Questions to ask Risk Management before I return to work
March 15, 2020 9:18 AM   Subscribe

I've been off work since Monday (after I left to go to the doctor) due to something that could very well have been the coronavirus, but I don't know that for sure...

... since my doc was unable or unwilling to test me (but she did listen to my lungs and check for flu, which was negative). I only know it was unlike anything I have ever had before. At five days I turned the corner and felt a lot better (but still kept self-imposed quarantine). I am expected back at my part-time work on Tuesday, or at least to call in. Work is the counter of a small community/senior center serving 0-15 people a day. I am especially concerned for the older people that come in here.
Besides "what is your protocol for returning after ill" what kinds of questions should I be asking Risk Management Monday? It's a municipal job, low paying, but
supplements my income (and I realize income may soon be the least of my worries). I'm pushing 60 and I had a very bad case of pneumonia before, so I'm in at least one category to watch. RM also being a load of crap, I've thought of just telling them buh-bye. I think I could also buy time by telling them a 14 day hold was required. I am sure I can get documentation from the doctor. After all, just because you feel better....
But, if you were me, what would you ask them? I was planning on calling on Monday.
posted by Rumi'sLeftSock to Work & Money (12 answers total) 2 users marked this as a favorite
 
Best answer: The CDC says: Employees who have symptoms of acute respiratory illness are recommended to stay home and not come to work until they are free of fever (100.4° F [37.8° C] or greater using an oral thermometer), signs of a fever, and any other symptoms for at least 24 hours, without the use of fever-reducing or other symptom-altering medicines (e.g. cough suppressants).

So, if you aren't completely better for 24 hours then you absolutely should not go in. Given that it is a Senior Center, they would be justified in setting a high bar.
posted by metahawk at 9:34 AM on March 15, 2020 [1 favorite]


Wanted to add that the 14 day is for people who are exposed but haven't developed any symptoms yet. It is irrelevant to how long you should stay out if you actually get the illness which should be based on making sure the illness has run its course.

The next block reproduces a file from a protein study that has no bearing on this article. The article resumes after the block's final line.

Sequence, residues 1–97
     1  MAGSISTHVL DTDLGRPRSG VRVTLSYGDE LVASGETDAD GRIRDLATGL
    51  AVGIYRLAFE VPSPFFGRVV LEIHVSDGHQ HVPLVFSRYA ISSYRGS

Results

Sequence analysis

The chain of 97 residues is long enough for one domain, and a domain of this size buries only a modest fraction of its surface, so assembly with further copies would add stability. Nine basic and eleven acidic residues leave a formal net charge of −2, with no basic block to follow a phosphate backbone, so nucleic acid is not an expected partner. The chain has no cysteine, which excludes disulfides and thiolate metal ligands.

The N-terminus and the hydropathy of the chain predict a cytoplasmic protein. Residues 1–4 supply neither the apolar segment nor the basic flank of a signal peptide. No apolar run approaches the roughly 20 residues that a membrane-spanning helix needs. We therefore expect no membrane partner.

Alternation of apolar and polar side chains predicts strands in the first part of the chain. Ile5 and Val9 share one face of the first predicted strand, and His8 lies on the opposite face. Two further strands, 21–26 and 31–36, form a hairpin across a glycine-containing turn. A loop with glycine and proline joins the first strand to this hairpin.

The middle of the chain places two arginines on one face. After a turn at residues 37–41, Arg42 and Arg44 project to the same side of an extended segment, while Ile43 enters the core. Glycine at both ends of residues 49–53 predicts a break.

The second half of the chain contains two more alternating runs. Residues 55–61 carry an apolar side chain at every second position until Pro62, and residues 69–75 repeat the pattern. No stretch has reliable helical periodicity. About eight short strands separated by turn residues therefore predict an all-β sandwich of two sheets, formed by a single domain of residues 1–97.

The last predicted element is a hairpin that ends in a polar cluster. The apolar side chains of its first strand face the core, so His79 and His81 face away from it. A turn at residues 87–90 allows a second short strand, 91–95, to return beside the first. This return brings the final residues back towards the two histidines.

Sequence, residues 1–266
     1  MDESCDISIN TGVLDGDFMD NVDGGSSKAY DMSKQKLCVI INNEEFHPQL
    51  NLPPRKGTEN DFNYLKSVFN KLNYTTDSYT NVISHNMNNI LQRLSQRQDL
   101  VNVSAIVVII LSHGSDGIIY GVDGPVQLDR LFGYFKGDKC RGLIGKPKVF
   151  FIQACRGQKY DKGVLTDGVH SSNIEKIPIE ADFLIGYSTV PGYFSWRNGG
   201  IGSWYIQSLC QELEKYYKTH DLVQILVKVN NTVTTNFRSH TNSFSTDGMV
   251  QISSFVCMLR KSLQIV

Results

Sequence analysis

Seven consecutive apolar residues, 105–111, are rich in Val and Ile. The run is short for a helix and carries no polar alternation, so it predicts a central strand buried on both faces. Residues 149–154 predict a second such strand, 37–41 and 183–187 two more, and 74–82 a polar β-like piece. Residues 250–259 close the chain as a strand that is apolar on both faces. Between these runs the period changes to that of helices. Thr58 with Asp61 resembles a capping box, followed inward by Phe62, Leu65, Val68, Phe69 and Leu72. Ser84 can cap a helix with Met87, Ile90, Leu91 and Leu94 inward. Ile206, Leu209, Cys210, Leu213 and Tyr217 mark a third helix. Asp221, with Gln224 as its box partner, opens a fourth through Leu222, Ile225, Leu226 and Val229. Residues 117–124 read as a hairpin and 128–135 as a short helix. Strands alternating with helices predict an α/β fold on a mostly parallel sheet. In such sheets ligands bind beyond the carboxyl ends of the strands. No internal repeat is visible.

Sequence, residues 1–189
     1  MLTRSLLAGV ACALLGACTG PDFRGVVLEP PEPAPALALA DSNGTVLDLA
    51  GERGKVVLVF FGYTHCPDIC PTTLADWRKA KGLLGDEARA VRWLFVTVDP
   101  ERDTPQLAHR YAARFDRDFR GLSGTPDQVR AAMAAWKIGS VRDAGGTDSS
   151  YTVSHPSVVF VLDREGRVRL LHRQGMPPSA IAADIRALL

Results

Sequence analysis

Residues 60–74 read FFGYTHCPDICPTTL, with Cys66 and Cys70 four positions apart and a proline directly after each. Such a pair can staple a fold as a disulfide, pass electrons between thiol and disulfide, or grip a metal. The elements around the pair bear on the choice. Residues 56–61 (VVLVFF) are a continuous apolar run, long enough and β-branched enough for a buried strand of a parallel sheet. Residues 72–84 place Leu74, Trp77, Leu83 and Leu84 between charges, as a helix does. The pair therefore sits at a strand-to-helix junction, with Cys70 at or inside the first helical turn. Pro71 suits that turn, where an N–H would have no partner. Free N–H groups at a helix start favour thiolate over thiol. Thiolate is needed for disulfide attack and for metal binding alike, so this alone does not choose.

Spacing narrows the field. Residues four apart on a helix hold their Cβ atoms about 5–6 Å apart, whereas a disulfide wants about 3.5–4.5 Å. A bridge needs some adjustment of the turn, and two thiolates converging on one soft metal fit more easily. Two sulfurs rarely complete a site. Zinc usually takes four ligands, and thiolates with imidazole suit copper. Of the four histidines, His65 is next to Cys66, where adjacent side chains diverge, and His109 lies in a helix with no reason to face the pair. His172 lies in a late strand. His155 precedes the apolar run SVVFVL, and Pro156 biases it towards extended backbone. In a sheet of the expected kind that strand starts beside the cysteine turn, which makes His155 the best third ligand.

posted by metahawk at 9:36 AM on March 15, 2020


Does your state or locality have any protocols? If you did have Covid-19, the public health department might want to trace it and know the people you have been in contact with since a couple of days before you were symptomatic.
posted by NotLost at 9:46 AM on March 15, 2020


Since you are serving a segment of the public that is considered particularly high risk, I can't imagine why your employer would want you back so soon after experiencing a miserable virus. I'm surprised you're even considering it. According to this article, Covid-19 patients are likely the most contagious prior to developing symptoms and during the early days after developing symptoms. However, it's recommended to observe a full 14 days of self-quarantine after developing symptoms.

No matter what Risk Management tells you, stay home. You are likely still vulnerable yourself, having just started recovering from a viral illness. So, if you're not inclined to play it absolutely safe on behalf of your clients, maybe a little self-interest will keep you home.

And, please, don't factor in the negligible income you obtain from this part-time gig when making a decision about whether to go into work and potentially expose vulnerable people to this illness. I understand you're trying to present the pros and cons of going into work, but this - the small amount of pay you'll forgo - really shouldn't be part of the calculus when determining whether to expose someone to a potentially fatal illness.
posted by MissPitts at 9:47 AM on March 15, 2020 [5 favorites]


Best answer: The CDC says:
Discontinuing home isolation
Stay at home until instructed to leave: Patients with confirmed COVID-19 should remain under home isolation precautions until the risk of secondary transmission to others is thought to be low.
Talk to your healthcare provider: The decision to discontinue home isolation precautions should be made on a case-by-case basis, in consultation with healthcare providers and state and local health departments.

It might be a good idea to talk to your health care provider on Monday. Personally I would at least call in sick for Tuesday. And I wonder if your organization is changing its sick policies right now - mine has already.

As a small note: Can we as a community not shame people or small businesses for caring about financial and business impacts? Obviously this poster is putting concern for clients high up there (At it should be, #1) but financial stress is real as well.
posted by warriorqueen at 10:37 AM on March 15, 2020 [9 favorites]


Response by poster: I said I was expected back at my job Tuesday. I didn't say I was planning on going back. The question is: "What questions do I need to ask RM?"

How do I know I'm exposed, since they didn't or wouldn't give a test?